Trainer Graham Motion said that provided Better Talk Now worked well Saturday at Fair Hill, he would run in the Man o' War, a race he won in 2005 when it was held in September. Motion had run Better Talk Now in the United Nations at Monmouth the last three years, but noted that the horse hit himself in last year's running over a firm turf course.

"We would feel a little silly if he hit himself again,'' Motion said about skipping the U.N. "Belmont suits him better at the end of the day, plus it gives him an extra week."

Others under consideration for the Man o' War include Grand Couturier, winner of last year's Sword Dancer; Sudan, a Group 1 winner in Europe; and Interpatation, Cosmonaut, Distorted Reality, and Operation Red Dawn.

Zaftig to miss summer stakes

Zaftig, dominant winner of the Grade 1 Acorn, will be forced to miss the summer's big races for 3-year-old fillies due to a stress fracture in her left front foot, co-owner John Moore said Friday.

Moore said that Zaftig, trained by Jimmy Jerkens, would definitely be forced to miss the Coaching Club American Oaks here on July 19 and the Alabama at Saratoga on Aug. 16. He said she could possibly be back for the Grade 1 Gazelle here at Belmont on Sept. 13.

Initially it was believed that Zaftig had a bruised foot, but further tests by Dr. Patty Hogan at her clinic in Cream Ridge, N.J., revealed the stress fracture. Moore said no surgery would be required and that Zaftig would simply get stall rest.

"She will be 100 percent,'' said Moore, who owns the filly with his wife, Susan. "If it was anybody other than her you could proceed, but you don't do that with a very valuable filly. We'll give her four weeks, six weeks, whatever it takes. We've always been extremely conservative with our horses, so we'll err on the side of giving them more care.''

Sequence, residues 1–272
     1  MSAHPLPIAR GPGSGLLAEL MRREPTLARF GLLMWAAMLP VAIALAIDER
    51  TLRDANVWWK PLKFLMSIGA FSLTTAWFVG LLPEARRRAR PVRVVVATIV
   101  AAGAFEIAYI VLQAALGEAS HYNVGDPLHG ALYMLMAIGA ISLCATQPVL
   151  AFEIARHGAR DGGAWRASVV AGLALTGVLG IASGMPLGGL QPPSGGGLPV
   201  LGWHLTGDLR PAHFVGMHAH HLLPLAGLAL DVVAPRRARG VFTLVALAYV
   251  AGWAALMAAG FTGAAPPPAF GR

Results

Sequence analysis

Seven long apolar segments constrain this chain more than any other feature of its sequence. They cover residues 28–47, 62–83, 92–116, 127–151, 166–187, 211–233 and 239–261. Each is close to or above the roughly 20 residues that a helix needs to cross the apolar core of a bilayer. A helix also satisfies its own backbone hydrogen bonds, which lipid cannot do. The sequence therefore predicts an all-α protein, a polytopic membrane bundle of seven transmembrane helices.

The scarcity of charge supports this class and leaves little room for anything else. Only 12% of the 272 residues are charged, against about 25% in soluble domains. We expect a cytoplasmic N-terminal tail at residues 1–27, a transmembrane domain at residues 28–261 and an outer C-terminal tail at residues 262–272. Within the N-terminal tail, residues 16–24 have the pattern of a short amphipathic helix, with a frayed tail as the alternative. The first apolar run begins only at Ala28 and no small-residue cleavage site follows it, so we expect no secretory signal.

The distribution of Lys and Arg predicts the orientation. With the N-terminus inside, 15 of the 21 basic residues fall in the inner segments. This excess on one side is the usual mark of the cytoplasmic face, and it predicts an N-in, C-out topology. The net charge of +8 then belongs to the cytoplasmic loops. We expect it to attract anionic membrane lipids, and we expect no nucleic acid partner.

Mr. Universe in allowance

While they wait for Zaftig to come back, the Moores have several other nice runners in their stable. One of them, Doremifasollatido, a 2-year-old New York-bred daughter of Bernstein, won a five-furlong maiden race by six lengths Friday.

Mr. Universe, a 3-year-old son of Aldebaran, meets winners for the first time Sunday in a first-level allowance race. On May 10, Mr. Universe won a maiden race by 12 lengths. Mr. Universe will be stretching out from 7 1/2 furlongs to 1 1/16 miles while breaking from post 10.

"I think he'll like it,'' trainer Jimmy Jerkens said. "It's tough to do, but I don't want to back him in distance. I think he has a future going longer.''

One of Mr. Universe's toughest foes will be August Rex, who is also stretching out from a sprint to 1 1/16 miles.

Dutrow runners scratch

Trainer Richard Dutrow Jr. scratched two major players from Friday's graded stakes at Belmont.

Dutrow scratched Not for Money from the Grade 2 Tom Fool Handicap and Looky Yonder from the Grade 2 Top Flight Handicap.

According to assistant trainer Michelle Nevin, Not for Money was diagnosed with a bruised foot. Looky Yonder was scratched presumably to run in the Grade 1 Princess Rooney at Calder next weekend.

* Evening Attire, the 10-year-old gelding who finished second in the Brooklyn last out, worked four furlongs in 48.23 seconds Friday morning over the Belmont training track.